Swimming Towards Freedom

Ramesh had spent the night camping on an island with a small
group, and at the light of dawn, had to go back to the mainland.
He stood on the island’s shore looking at the huge expanse of water all
around him. The mainland was visible in the distance, around a kilometer
away. Everybody started heading back in their small boats and
canoes. Instead of joining his friend in their canoe, he decided to
try and swim the distance. Though he was just an amateur, he felt no
apprehension as he was wearing a life jacket.

There was no place to rest, except for one small patch of land in the
way maybe 400m away, but he started off anyway. He started to get
tired quite fast, but could rest with the jacket safely
lifting his head above the water. The water was a lovely shade of
blue, and At least 40 feet deep. He looked downwards to see the dancing
sunbeams penetrating it till they disappeared into the darkness.

Under normal circumstances at the deep end of a swimming pool, he
knew enough to splash around and keep himself afloat for around ten
minutes, until he would start getting tired and start to sink
underwater.

So in this case, where it was so deep he couldn’t even see the
bottom even in such clear water, the prospect of being there without a
jacket was quite terrifying. He believed that without it, he
would surely drown, because whenever he became too exhausted to
swim, he would struggle helplessly and start sinking like a stone.

There were a few others in the distance… his friend was coming with a
canoe, and a small group was rowing slowly in a coracle (a circular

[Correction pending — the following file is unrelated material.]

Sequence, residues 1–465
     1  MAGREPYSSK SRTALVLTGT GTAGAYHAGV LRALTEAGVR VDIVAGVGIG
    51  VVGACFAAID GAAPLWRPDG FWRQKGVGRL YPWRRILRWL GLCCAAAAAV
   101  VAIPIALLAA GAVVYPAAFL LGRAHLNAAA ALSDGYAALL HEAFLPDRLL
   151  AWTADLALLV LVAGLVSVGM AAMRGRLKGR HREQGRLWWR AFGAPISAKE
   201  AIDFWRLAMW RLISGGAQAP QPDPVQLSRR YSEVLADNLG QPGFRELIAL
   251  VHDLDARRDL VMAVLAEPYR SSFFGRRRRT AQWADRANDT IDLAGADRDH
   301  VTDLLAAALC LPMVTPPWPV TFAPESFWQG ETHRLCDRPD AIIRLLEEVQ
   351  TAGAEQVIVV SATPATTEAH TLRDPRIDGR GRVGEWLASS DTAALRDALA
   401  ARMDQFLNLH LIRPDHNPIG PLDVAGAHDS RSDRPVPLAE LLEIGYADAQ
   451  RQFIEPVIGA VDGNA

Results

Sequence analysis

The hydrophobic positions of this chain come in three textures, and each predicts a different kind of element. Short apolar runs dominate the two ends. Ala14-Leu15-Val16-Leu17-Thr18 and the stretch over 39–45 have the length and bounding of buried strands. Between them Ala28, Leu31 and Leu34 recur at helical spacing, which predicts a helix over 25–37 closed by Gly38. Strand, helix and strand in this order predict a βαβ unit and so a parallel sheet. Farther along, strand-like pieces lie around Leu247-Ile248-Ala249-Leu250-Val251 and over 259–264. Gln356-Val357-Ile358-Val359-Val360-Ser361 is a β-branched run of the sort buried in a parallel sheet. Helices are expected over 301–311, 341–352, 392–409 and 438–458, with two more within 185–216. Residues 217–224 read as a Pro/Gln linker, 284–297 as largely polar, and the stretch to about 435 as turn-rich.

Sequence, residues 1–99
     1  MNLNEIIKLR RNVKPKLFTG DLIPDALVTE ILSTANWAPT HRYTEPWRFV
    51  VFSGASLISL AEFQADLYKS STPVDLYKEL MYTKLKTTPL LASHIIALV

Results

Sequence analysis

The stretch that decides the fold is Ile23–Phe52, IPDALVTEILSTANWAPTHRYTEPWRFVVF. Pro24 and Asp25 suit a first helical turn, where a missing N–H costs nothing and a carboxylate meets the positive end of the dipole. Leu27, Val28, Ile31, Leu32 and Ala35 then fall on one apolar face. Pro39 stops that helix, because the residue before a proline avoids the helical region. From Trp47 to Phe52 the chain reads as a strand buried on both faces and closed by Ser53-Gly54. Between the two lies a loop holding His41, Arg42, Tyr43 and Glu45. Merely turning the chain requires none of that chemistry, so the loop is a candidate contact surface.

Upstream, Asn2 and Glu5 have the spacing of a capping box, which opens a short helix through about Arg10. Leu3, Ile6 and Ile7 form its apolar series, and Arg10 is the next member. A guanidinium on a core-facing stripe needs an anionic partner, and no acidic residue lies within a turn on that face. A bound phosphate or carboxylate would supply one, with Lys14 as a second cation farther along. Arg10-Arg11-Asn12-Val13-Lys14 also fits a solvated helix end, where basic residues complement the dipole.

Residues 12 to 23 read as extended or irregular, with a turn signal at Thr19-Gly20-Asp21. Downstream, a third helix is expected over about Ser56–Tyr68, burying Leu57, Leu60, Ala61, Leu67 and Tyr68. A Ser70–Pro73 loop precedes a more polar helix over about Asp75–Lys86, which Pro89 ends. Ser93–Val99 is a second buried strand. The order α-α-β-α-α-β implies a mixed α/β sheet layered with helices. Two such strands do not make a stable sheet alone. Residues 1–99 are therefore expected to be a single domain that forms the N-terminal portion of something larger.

boat), and the group leader was in a canoe along with his wife, each
making their own way towards the mainland.

Ramesh swam with the life jacket for approximately half the distance,
upto the intermediate patch of land in the middle. The leader was
there with his canoe too, helping some people get on to the land from the
coracle just to sit for sometime.

Ramesh got onto the island to take a breather. A strange idea struck
him. He realised that he was depending on the life jacket like a
lame man depends on a crutch to walk. One may need the crutch in the
begining, but as long as he forever depends on it, he will never learn to
walk. Discarding the crutch, he may fall a few times, but he has to pick
himself up and go on. On the other hand, he may injure himself so much
that he may never be able to walk again, but it is a risk that he has to
decide it’s worth for himself.

A feeling of defiance overcame Ramesh. At first he tried to ignore
it as totally irrational, but then kept thinking about it for a short
while, and then took the decision.

He handed over his life jacket to the leader and said he wanted to
go the rest of the way without it. The leader asked him if he was sure;
but he explained to the leader “Though I’m not very sure of my
swimming, I’m totally convinced that I’ll never learn as long as I use
this jacket!”. He felt that in order to learn something, it was
sometimes useful to forget that he didn’t already know it
.

The leader saw the conviction in his voice, and agreed and took it.

It was a huge risk, but he took a deep breath and started off.
As he went ahead, the leader kept coming alongside him with
the canoe. Every time he felt tired and breathless, he would
mildly panic, then cling on to the canoe and catch up with his
breath.

Gradually he realised he was now using the canoe like a
crutch. He had to free himself of all crutches. This might seem like
a very dangerous thing to do, but somehow he had this gut feeling
that this is what he needed to do.

He requested the leader to not come alongside him. He
assured him positively that he would manage. The leader rowed away
and stopped at a distance.

Ramesh continued, alone. Every now and then he looked back, and
saw that the leader’s canoe was further and further away. The coracle was
even further away, and one of it’s passengers was singing a Bhaava
Geethe
[melodious Kannada song depicting emotions]. The song was very